• 77% of adults have double glazing, 64% have loft and wall installation, 26% have smart technology/digital assistants but only 17% have solar panels installed in their home.
  • Among homeowners who wouldn’t consider installing green technology in their homes in the future, cost is typically the biggest barrier, with this being particularly prevalent with solar panels (46%).
  • Seven in 10 (69%) would rather put on a jumper than turn the heating on when the weather starts to get cold.
  • When it comes to washing clothes, the UK is split between those who would use a longer eco-wash (49%) and a shorter normal wash (51%).


  • Only 9% of those surveyed own an EV/hybrid electric vehicle with pure electric vehicle owners representing less than 3% of the population.
  • 50% of respondents said they would have a holiday in the UK in the next three years, but only 18% of them cited reducing their carbon footprint as the reason.
  • Only a quarter of respondents would consider taking the train to Europe for a holiday for £500 rather than flying for £200.
  • Cost, speed and convenience of the method of journey are more important than reducing carbon footprint.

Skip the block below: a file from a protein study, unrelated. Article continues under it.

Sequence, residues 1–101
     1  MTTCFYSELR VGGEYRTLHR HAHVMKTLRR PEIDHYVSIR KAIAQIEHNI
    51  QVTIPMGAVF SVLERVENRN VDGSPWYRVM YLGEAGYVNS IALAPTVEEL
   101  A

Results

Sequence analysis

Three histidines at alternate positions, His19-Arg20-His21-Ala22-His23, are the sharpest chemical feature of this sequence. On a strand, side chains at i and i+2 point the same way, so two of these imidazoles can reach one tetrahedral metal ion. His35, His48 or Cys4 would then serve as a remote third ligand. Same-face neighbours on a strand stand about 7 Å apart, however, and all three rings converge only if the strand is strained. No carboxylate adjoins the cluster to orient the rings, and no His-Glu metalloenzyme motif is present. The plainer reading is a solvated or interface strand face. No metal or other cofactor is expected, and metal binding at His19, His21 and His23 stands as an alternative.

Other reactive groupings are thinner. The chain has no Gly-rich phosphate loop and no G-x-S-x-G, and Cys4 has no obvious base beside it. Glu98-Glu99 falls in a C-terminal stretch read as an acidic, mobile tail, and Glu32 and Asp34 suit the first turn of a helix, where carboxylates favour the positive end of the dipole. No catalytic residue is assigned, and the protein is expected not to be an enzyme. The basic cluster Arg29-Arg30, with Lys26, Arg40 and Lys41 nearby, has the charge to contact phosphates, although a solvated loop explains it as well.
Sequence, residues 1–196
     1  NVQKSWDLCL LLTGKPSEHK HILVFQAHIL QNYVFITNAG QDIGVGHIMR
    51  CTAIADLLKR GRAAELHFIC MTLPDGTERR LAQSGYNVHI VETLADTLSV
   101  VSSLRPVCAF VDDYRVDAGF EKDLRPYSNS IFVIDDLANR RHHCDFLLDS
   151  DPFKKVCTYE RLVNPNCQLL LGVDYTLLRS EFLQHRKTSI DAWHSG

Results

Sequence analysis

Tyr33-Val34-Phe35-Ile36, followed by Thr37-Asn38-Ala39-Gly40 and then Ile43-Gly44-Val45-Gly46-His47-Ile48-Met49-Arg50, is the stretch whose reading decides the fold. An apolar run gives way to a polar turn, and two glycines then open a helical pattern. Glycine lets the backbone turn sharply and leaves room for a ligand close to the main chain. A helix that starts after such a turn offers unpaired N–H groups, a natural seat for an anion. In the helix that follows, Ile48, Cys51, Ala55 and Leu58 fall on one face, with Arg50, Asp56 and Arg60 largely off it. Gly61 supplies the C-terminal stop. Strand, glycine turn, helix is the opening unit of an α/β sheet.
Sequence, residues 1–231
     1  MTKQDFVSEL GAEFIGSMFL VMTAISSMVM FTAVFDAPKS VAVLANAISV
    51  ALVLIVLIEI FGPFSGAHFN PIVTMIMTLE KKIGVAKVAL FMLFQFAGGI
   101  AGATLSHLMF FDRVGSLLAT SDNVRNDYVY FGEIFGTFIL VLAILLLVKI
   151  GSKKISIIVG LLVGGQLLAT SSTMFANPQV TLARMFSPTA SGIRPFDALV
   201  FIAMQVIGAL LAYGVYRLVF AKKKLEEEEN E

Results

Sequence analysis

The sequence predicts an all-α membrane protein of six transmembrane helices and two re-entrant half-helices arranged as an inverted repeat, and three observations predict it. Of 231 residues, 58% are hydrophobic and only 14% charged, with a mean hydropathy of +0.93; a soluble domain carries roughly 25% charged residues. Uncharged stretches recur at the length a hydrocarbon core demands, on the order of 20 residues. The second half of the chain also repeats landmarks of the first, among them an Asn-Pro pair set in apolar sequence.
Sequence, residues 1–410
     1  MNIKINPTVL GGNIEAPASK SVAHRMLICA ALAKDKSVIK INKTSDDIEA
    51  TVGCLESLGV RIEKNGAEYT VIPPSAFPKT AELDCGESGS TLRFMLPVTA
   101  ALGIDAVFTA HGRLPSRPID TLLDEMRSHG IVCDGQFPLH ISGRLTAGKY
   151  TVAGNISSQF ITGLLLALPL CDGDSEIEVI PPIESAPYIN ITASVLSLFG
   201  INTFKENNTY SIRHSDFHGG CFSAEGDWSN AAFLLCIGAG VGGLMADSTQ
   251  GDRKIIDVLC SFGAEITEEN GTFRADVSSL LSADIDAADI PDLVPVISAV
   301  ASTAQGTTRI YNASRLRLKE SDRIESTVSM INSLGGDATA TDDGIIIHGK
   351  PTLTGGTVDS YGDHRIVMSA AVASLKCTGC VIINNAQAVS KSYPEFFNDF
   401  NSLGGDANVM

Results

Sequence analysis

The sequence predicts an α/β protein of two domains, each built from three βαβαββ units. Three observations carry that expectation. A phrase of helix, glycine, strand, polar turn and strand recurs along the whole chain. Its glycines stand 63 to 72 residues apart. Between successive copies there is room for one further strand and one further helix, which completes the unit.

• 73% of people would choose to drive 15 minutes to go to the shops over taking public transport for 45 minutes.

James Robottom, Sustainability and Climate Change Lead at the IET said: “Climate change is the biggest engineering challenge of our lifetime and the one that we must be the most successful at tackling. That only comes from everyone playing their role and working together to achieve our net-zero target.

“It’s encouraging to see that just over half of the population knows that radical action is needed and people are willing to adapt their lives to take positive steps to address climate change. However more needs to be done; cost and awareness are two of the biggest barriers affecting the active adoption of green technology and solutions – short-term financial gains are always attractive, but long-term investment must be the goal.

“Two of the biggest challenges we face – decarbonising heat and transport – will require changes to be made to our everyday lives. It is essential that people are engaged in the process and can see the benefits of green solutions so that we don’t leave anyone behind."